The various households I’ve been in over the Christmas period have included some sick people. None have been near a surgery, AE or even a pharmacy, preferring to ride out their colds, flu and Covid using Lemsip and Cough Mixture. I have seen the queues and I understand why. I have also listened to two radio phone-ins and heard the testimony of patients who have waited over 12 hours just to be seen.
There are times, and this is one, when we have to accept we are where we are, the health service is in crisis and where we can self-medicate, we do ourselves and others favours.
It is the same with pensions where I have discovered over the Christmas period that what we get from the state by way of pension may not be what we have earned by way of our working career. My journey of discovery was sparked by this tweet.
I am fortunate in that I have been with the same employer all this time (FT) so getting evidence of NI contributions should be less burdensome than had I changed jobs, or the former employer went out of business or was taken over multiple times.
— Josephine Cumbo (@JosephineCumbo) December 26, 2022
I wrote a blog about how we can do our own state pension health check by comparing what we know about ourselves with the DWP’s record of our working lives. Jo showed me the way
You can check your online National Insurance record here https://t.co/iBEqgaPgdo You will need to first set up an account with the UK Govt Gateway.
— Josephine Cumbo (@JosephineCumbo) December 26, 2022
Jo’s tweet solicited a number of stories from women who had also been checking their records (examples at the end of this blog) and a tweet from the doyen of state pension entitlements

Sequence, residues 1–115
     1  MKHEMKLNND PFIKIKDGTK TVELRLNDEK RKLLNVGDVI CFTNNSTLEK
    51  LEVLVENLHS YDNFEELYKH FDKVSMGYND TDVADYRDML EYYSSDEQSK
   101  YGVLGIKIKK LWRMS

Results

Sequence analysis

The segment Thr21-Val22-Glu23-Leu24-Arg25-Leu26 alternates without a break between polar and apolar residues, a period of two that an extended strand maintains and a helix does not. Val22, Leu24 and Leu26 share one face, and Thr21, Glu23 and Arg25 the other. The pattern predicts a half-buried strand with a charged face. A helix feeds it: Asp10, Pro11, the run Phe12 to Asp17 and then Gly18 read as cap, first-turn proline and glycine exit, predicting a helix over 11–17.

Good that you checked while you still retain paperwork Jo! I suspect HMRC have huge sums in *unallocated* NI contributions held in ‘suspense accounts’. I tried to FOI this recently, but they said they don’t know how much ….
— Steve Webb (@stevewebb1) December 26, 2022
Ros Altmann has now joined this conversation, in a comment on my blog, she’s written..
I’m afraid I have increasingly been seeing examples where, so far always women, are not getting correct information from DWP about their state pension.
They go on the website and are told they have full NI record and this turns out to have been wrong. DWP then says they didn’t have full record and shouldn’t have relied on the DWP information being correct!
If this happens, I would have thought the women, who did not claim any credit or keep paying NI because they thought they had full state pension, should not lose out.
Some problems arise due to errors in contracting out history, many people have missing years and can’t prove the errors. So important to ensure people check their state pension well ahead and keep checking each year to make sure it hasn’t changed.
I’m not sure that what Ros is commenting on , is the evidence on this blog or part of a wider problem that’s beginning to emerge. We know of course that there are systemic issues at the DWP which Steve Webb has been highlighting for some years and again these seem to focus on women, but what is worrying about the instances highlighted recently is that they are so random.
The great pension reckoning